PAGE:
On not publishing results because they won’t end up in glam journals:

Refusing to release findings that you have already worked on, just because their most likely outlet has low standards, is like throwing all pennies out of your house because having them around make you look cheap.

Giner-Sorolla R. 2012. Science or art? How aesthetic standards grease the way through the publication bottleneck but undermine science. Perspectives on Psychological Science 7(6): 562-571. http://dxd.oi.org/10.1177/1745691612457576

Image from here.

18 November 2015

Presentation Tips for people in a hurry

Batman: [reads the second riddle] What people are always in a hurry?

Robin: Rushing people... Russians!

I’m very excited to announce that my itty-bitty ebook, Presentation Tips, is now available in Russian!

You can download the Russian language PDF here (scroll down to the bottom for the link).

This translation is courtesy of Maksim, who took advantage of the book’s Creative Commons license. I’m so pleased someone found this resource useful enough to translate, and I thank Maksim to no end.

This arrives on the heels of yesterday’s post (citing my paper published as blog post. Both the blogged paper and this ebook were released about the same time. Both were experiments in bypassing the traditional publishing route, just to see if you could make an impact. It took a few years, but it feels vindicating to see that these projects have made ripples, and didn’t vanish without a trace.

I never thought I would see my name in Cyrillic, never mind an entire work of mine in a language other than English.

External links

Подсказки докладчикам (Зен Фолкс, 2012)

Related posts

Presentation tips compiled
Presentation Tips for Kindle
Upload the universe: validating self-publishing
2012: waiting and DIY

17 November 2015

Science Blogging: The Essential Guide book cover reveal

I like it. Subdued and understated.

Related posts

Science blogging book: now with blurbs!

External links

Sci Blogging Guide Facebook Page
Yale University Press page
Amazon page

Paper published on this blog is cited because it’s a paper published on a blog

A few years ago, I published an original, data driven research paper here on this blog. As I wrote in a companion post:

I thought, “Let’s try something new.” ... I’ve also been paying attention to the people who say that scientific publishing is broken, and we should blow it up and start over. Lots of those people are basically advocating what I just did yesterday: “just blog the paper.” ...

Could blogging research work?

The acid test for whether blogging research could work is the same acid test for any academic product: do other people find it useful enough to re-use it? Usually, they show this by citing it. Admittedly, some journals are very narrow minded in what they allow you to cite, so that’s a big barrier for showing that others are using non-traditional online resources like pre-prints, blog posts, etc.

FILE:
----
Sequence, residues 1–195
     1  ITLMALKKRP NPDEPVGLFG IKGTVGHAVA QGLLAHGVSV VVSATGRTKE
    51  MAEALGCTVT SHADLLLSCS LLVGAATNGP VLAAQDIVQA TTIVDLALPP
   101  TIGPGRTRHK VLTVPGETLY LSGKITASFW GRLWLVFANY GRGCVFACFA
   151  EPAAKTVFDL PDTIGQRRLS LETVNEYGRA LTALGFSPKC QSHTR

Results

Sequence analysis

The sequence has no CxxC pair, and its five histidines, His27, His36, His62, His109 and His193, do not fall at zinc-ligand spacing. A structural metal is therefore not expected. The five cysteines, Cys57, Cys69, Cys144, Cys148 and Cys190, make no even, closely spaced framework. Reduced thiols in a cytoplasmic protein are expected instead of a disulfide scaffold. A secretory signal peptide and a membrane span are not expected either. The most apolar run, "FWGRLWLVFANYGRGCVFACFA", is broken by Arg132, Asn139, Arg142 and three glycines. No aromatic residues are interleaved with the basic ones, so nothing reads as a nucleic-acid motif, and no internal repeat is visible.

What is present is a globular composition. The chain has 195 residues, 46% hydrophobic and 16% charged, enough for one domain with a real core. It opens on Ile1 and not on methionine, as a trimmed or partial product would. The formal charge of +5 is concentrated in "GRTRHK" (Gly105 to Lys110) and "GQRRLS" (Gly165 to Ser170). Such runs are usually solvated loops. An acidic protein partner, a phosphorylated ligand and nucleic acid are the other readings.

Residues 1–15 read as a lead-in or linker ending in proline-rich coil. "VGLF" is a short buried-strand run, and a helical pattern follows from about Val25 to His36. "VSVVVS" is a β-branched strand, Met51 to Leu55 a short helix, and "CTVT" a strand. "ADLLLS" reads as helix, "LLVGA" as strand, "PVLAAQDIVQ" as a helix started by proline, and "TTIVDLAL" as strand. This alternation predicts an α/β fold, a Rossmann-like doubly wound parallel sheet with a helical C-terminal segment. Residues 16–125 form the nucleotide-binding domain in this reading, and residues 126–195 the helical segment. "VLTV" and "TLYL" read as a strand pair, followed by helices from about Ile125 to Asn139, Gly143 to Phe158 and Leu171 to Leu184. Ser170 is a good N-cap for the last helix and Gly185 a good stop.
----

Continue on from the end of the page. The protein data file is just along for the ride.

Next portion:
But I’m pleased to report that my crazy “self-published on a blog” paper has just got its first citation in an academic journal (Kooy, in press)!

As I expected, though, it’s being cited not because of the biology, but because it’s a paper on a blog.

Some scholars even post their research data and findings to their blogs.32

32 See for example, Zen Faulkes, “The Distal Leg Motor Neurons of Slipper Lobsters, Ibacus Spp. (Decapoda, Scyllaridae)," NeuroDojo, September 6, 2012, accessed January 3, 2015, http://neurodojo.blogspot.com/2012/09/Ibacus.html.

I expected this. The paper has been viewed 3,947 times, according to Blogger. The companion post explaining why I published the paper on this blog has been viewed 11,832 times. Publishing a paper is barely worth a mention, except to the authors and a few colleagues in the field. But publishing a paper on a blog is still remarkable. In fact, more than three years on, I can’t think of (m)any other examples where people have published entire original papers on their blogs.

Instead, biology is coming around to the concept of pre-prints. I think many people think of a pre-print server as a strange sort of journal: both serve to bundle traditional research articles in a single one-stop location. Plus, pre-print servers have been long running enough in areas like physics that depositing a paper on a pre-print server is a conservative move. Blogging a paper is still a radical act.

I am very happy that my publishing experiment has been cited by others. It’s a win for the discussion of alternate ways of publishing.

But I still crave complete victory: to see the paper cited by others because of the science, not just because it’s a paper on a blog.


Faulkes Z. 2012. The distal leg motor neurons of slipper lobsters, Ibacus spp. (Decapoda, Scyllaridae). NeuroDojo (blog): http://neurodojo.blogspot.com/2012/09/Ibacus.html [PDF version for printing]

Kooy BK. Building virtually free subject area expertise through social media: an exploratory study. College & Research Libraries: in press. http://crl.acrl.org/content/early/2015/08/11/crl15-759.abstract

Related posts

Why I published a paper on my blog instead of a journal
Why can’t I cite Mythbusters?

External links

Pre-print power